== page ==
In order to make the observation data under one sampling mirror more effective and reliable (that is, to improve the accuracy of the estimator as much as possible, and to reduce the types of errors that may be made when the observation under the microscope is observed), in addition to requiring the sample to be independent and representative. There is also a requirement for sample size. To improve the accuracy and reliability of observational data, on the one hand, it is necessary to improve the statistical analysis method so that it can make full use of the information provided by the sample to estimate and judge the sample as a whole; on the other hand, how to be in certain human and material conditions. Get more useful information. Adding the front and the back together is to choose the most reasonable sample size (the best observation of mineral particles) for a specific problem.
III. Scheme Design For the sample to be analyzed, M can be used to represent the total number of particles of a certain mineral in the ore sample, then (M; m, u) constitutes a complete sampling observation scheme. For the ore sample, some mineral particles are M. The m particles are randomly observed, and the sampling index of a certain parameter is tested as b. If uâ–³u b>u+â–³u, the observation data under the microscope is considered to be Letter, the results are not acceptable. At M
M(M+1)
In the case of fixed, m, u change, one program (M; m, u) will have  a scheme to choose from.
2
In the total M particles of the sample, the total and index of a certain mineralogical parameter of a process is B, then B/M=H. When among the M particles, m are randomly observed under the microscope, and the sampling index is tested as b. At this time, b/m=h is the observed value of the parameter in the sample. The question is, can the observed value h=b/m be used as an estimate of the overall H=B/M of the sample? If so, how large is the sampling error range Î” _{lnx for} this estimate? For the former problem, it is necessary to specifically study the mathematical expectation E(H)=E(b/m); and the solution of the latter problem needs to be calculated for the mean square error Ïƒh.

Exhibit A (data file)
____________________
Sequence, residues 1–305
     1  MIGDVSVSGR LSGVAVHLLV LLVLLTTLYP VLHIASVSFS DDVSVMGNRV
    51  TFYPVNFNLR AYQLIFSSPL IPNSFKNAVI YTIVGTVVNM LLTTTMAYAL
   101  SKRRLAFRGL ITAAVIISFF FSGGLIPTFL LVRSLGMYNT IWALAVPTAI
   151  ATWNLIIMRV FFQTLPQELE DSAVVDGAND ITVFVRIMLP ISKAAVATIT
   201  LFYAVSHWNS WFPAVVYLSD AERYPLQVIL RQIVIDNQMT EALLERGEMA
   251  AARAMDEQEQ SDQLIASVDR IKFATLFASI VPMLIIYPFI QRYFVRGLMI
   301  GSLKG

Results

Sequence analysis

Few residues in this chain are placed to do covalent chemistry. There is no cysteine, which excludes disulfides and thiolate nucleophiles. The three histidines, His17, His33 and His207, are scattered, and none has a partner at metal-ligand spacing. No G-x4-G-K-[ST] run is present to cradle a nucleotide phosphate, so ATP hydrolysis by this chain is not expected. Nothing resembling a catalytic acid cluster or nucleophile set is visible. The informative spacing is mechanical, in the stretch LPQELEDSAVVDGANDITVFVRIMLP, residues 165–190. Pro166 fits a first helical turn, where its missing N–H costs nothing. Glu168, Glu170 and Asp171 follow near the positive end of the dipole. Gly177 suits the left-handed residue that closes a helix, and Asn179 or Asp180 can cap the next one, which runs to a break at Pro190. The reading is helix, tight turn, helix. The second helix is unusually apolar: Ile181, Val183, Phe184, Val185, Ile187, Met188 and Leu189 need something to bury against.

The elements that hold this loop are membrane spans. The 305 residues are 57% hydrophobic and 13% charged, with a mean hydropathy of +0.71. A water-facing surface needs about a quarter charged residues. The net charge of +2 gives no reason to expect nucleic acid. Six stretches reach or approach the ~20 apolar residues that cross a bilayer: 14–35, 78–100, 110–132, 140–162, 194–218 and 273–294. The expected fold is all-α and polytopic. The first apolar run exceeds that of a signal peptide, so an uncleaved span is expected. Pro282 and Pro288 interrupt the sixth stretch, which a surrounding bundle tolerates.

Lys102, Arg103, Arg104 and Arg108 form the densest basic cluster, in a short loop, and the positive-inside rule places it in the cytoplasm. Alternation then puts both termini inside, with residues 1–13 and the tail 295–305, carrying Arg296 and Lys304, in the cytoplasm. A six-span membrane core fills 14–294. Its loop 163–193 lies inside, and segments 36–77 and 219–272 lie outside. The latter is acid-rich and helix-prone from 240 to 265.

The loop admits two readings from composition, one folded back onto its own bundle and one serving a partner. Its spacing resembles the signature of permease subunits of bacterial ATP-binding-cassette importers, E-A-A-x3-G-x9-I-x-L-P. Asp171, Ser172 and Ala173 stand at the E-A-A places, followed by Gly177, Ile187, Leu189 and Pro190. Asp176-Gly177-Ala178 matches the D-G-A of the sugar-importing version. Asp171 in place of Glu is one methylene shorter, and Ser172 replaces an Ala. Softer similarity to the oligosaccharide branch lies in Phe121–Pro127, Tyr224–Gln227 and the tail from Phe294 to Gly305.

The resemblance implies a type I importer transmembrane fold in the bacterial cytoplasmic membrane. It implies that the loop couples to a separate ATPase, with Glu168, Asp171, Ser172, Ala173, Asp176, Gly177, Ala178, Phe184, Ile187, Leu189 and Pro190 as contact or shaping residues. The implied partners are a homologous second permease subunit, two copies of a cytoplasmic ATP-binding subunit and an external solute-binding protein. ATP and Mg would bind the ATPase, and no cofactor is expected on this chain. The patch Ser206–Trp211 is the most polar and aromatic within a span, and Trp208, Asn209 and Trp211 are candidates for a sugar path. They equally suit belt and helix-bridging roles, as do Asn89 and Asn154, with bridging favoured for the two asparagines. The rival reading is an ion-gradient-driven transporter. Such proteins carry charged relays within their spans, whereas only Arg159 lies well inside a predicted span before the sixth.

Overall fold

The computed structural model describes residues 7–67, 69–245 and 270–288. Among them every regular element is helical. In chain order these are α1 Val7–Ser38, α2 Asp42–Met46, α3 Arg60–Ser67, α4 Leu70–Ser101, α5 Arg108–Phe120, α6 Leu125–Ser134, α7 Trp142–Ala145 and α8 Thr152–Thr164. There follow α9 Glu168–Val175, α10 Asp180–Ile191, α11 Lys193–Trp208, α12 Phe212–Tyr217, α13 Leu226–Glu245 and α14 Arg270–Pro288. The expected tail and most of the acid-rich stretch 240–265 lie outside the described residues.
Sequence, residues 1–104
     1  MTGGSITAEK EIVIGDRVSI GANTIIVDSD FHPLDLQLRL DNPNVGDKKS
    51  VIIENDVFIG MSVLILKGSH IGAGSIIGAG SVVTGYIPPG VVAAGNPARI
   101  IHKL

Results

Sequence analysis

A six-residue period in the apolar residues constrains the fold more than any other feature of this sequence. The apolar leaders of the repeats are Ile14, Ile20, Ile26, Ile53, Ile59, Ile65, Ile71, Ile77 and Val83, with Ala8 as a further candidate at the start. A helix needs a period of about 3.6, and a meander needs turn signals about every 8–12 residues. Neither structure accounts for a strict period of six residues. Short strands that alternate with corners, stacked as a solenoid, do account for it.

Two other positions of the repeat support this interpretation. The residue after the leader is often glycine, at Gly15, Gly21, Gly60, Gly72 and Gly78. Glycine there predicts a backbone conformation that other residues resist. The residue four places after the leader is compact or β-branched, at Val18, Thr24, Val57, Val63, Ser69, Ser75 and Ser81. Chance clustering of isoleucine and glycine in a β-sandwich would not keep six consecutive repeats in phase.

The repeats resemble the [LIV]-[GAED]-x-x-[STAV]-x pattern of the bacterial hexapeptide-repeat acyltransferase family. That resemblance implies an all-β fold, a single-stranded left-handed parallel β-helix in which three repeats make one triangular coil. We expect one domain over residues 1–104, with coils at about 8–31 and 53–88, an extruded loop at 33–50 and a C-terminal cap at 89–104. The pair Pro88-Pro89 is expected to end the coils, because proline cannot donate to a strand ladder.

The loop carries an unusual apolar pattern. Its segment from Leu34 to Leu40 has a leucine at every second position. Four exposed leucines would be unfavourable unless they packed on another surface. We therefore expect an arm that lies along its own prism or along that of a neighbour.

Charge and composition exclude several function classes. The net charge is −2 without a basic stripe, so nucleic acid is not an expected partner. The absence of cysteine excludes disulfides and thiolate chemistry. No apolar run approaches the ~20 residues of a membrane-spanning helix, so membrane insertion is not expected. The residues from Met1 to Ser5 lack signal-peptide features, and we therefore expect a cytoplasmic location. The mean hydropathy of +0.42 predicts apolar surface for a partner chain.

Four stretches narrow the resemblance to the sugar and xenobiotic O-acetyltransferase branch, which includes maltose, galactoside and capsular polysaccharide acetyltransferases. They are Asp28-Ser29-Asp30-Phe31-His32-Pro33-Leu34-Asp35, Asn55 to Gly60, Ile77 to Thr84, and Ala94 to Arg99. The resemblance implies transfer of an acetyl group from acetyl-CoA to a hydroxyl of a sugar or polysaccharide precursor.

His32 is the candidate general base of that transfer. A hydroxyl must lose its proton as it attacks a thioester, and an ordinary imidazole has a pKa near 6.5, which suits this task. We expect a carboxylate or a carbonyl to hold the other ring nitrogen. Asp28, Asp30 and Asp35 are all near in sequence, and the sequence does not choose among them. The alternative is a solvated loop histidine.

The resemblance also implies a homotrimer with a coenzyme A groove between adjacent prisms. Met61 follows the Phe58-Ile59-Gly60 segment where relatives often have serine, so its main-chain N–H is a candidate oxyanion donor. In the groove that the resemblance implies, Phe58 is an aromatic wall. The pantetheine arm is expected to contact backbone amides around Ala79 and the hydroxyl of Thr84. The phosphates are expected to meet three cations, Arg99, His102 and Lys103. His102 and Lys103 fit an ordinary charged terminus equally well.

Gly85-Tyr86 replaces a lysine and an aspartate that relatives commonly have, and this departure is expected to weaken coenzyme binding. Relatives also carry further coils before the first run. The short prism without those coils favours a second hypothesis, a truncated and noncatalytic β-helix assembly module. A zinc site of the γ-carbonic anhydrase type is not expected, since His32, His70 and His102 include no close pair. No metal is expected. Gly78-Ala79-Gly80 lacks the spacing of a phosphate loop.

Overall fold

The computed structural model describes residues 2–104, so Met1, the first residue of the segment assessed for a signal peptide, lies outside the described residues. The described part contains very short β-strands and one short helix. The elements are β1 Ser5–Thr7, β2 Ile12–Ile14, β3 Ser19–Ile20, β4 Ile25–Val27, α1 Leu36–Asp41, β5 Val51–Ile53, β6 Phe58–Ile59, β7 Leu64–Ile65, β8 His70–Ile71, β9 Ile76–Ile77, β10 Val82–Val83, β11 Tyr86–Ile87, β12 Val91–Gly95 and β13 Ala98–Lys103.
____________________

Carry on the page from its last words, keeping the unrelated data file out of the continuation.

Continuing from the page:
Here b can be regarded as a random variable (b=0, 1, 2, ..., m), and can also be regarded as the sum of m independent random variables x _{1} , x _{2} , x _{3} ,..., x _{m} :
b= x _{1} +x _{2} +x _{3} +...+x _{m}
The value of the random variable xi(i=1,2,3,...,m) depends on the ith observed mineral particle condition, and B is the total and index of the sample population:
B=MH
The estimated total values â€‹â€‹of the samples and the indicators that may be obtained from the sample are: [next]
M
Estimated amount of B = â€”â€”b
m
In fact, the mathematical expectation of this estimate is the total of the sample and the indicator B:
M
E(â€”â€”) = B = MH
m
b
So E(h) = E() = H
m
b b B
That is, the mathematical expectation of h =  is the parameter H. Thus h =  can be seen as an estimate of the parameter H = . On the other hand, the sample capacity m m M
The amount m divided by the sum of the x's (sampling index b) can also be regarded as the average value of each x.
â€” 1 b
x = â€”(x _{1} +x _{2} +x _{3} +...+x _{m} ) = â€” = h
m m